Oscar Nominees: Best Costume Design

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Every day from now until the Oscars on Sunday, February 26 I’m going to deconstruct the nominees in each category. I’ll give you their history with the Academy, some extra thoughts on each nominee/film, who was snubbed, and what you might consider before choosing them in your office pool.

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Nominee: Colleen Atwood
Film: Fantastic Beasts and Where to Find Them
Oscar History: 12 previous nominations, 3 wins (Alice in Wonderland, Memoirs of a Geisha, Chicago)
Thoughts: The true veteran of this year’s roster of nominees, Atwood has had a long professional relationship with Tim Burton and with films that allow for imaginative flights of fancy. First nominated in 1995 for Little Women, the large bulk of her nominations have come from films that allow her outside of the box approach and exemplary eye for detail to shine. For her nomination this year, she successfully blended drab period clothing with a touch of colorful wizardry. Personally, I like Atwood’s work when it’s more dramatic like for Snow White and the Huntsman but her costumes here more than earned her a spot among the year’s best.

Nominee: Consolata Boyle
Film: Florence Foster Jenkins
Oscar History: 1 previous nomination (The Queen)
Thoughts: Last nominated exactly a decade ago, Boyle’s costumes for Florence Foster Jenkins never outshined their leading lady. Dressing a character that fancies herself an opera singer might suggest a more eccentric style but Boyle let fellow nominee Meryl Streep worry about the mechanics and decked her out in appropriately dramatic performance wear. Her other period costumes had nice touches and the stiffness of her shirt collars mirrored the society the title character was trying to impress.

Nominee: Madeline Fontaine
Film: Jackie
Oscar History: First time nominee
Thoughts: Jackie Kennedy has been portrayed in so many mediums that it might seem Fontaine had it easy when faced with dressing Natalie Portman and others. Not so, first time nominee Fontaine had to recreate several famous looks but give them a Technicolor vibrancy to really pop. The exquisite textures and trims were truly a remarkable sight.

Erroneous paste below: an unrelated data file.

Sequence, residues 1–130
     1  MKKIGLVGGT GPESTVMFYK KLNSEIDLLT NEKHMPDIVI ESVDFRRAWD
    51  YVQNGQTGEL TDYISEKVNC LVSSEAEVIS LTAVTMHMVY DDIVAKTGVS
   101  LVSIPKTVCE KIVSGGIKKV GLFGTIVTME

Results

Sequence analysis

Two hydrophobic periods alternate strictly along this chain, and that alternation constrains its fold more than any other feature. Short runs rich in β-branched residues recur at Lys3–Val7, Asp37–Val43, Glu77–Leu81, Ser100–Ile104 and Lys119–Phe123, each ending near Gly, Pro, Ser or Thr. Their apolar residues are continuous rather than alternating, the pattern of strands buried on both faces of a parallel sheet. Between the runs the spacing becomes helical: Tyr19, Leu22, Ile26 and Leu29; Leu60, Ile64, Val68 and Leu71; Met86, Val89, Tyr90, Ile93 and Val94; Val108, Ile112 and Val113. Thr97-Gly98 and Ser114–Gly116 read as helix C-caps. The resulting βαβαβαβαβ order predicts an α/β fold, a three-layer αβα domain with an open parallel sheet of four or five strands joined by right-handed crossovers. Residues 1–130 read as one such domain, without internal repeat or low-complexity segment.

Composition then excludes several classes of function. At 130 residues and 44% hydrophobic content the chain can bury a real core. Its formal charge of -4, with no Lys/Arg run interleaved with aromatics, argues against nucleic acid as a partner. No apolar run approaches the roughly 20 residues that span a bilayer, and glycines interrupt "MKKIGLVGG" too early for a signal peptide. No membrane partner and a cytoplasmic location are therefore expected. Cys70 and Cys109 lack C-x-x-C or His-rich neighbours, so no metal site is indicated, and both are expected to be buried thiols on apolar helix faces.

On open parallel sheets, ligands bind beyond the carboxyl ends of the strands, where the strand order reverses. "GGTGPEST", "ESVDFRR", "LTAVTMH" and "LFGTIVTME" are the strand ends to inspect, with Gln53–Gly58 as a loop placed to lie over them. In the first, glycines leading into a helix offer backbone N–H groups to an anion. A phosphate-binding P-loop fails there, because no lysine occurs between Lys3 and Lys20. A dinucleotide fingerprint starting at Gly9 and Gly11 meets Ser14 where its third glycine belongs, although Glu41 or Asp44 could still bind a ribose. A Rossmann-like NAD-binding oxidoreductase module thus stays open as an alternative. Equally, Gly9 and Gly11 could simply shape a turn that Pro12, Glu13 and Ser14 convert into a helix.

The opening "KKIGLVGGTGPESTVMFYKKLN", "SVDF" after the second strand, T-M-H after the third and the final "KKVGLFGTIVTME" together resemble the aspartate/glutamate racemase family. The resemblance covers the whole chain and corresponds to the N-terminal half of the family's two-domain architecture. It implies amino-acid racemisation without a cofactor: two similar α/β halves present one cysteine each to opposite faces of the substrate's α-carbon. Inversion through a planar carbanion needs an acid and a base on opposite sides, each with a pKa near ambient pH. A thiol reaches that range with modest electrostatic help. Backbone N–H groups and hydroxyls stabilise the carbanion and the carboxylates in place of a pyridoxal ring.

Nominee: Mary Zophres
Film: La La Land
Oscar History: 1 previous nomination (True Grit)
Thoughts: A real head-scratcher of a nomination in my book, I’m guessing Zophres earned the nomination through a combination of La La Land Fever and for a sequence near the end of the film where costumes were key identifiers of time and place. Other than that, the work seemed to exist in the retro-chic clothing of now with a jazz hipster vibe. With the other nominees, I definitely remember being impressed by the costumes…but in La La Land nothing stood out as special.

Nominee: Joanna Johnston
Film: Allied
Oscar History: 1 previous nomination (Lincoln)
Thoughts: While I’m sure stars Brad Pitt and Marion Cotillard would look good in a potato sack and Crocs, Johnston challenged herself a bit more with her elegant costumes for the 1940’s set spy tale. Having collaborated with director Robert Zemeckis on many of his films, she likely knew how to dress her actors in clothes that would provide some dazzling visuals their director couldn’t recreate on a computer. Cotillard’s evening dress in particular from a key scene alone might have netted her this nom.

Missed Opportunity:

Should Been Nominated: Marion Boyce and Margot Wilson for The Dressmaker
Why?: For a film all about the effect haute couture has on the residents of a small town in the Australian outback, I’m surprised there was no nomination for these two.  Wilson is credited as the designer of star Kate Winslet’s gorgeous clothing but Boyce crafted some fiery looks herself.  The Dressmaker fizzled out when released here but at least the two were recognized by the Australian version of the Oscars for their designs.

So…four deserving nominees and one that doesn’t quite fit with the rest. The Academy has long eschewed giving the award for a contemporary film so but I’m not entirely sure La La Land is out of the running. My vote would be for Jackie with Fantastic Beasts and Where to Find Them or Florence Foster Jenkins neck and neck for second place.

Movie Review ~ The Space Between Us

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The Facts
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Synopsis: The first human born on Mars travels to Earth for the first time, experiencing the wonders of the planet through fresh eyes. He embarks on an adventure with a street smart girl to discover how he came to be.

Stars: Gary Oldman, Asa Butterfield, Carla Gugino, Britt Robertson, BD Wong, Janet Montgomery

Director: Peter Chelsom

Rated: PG-13

Running Length: 120 minutes

TMMM Score: (3/10)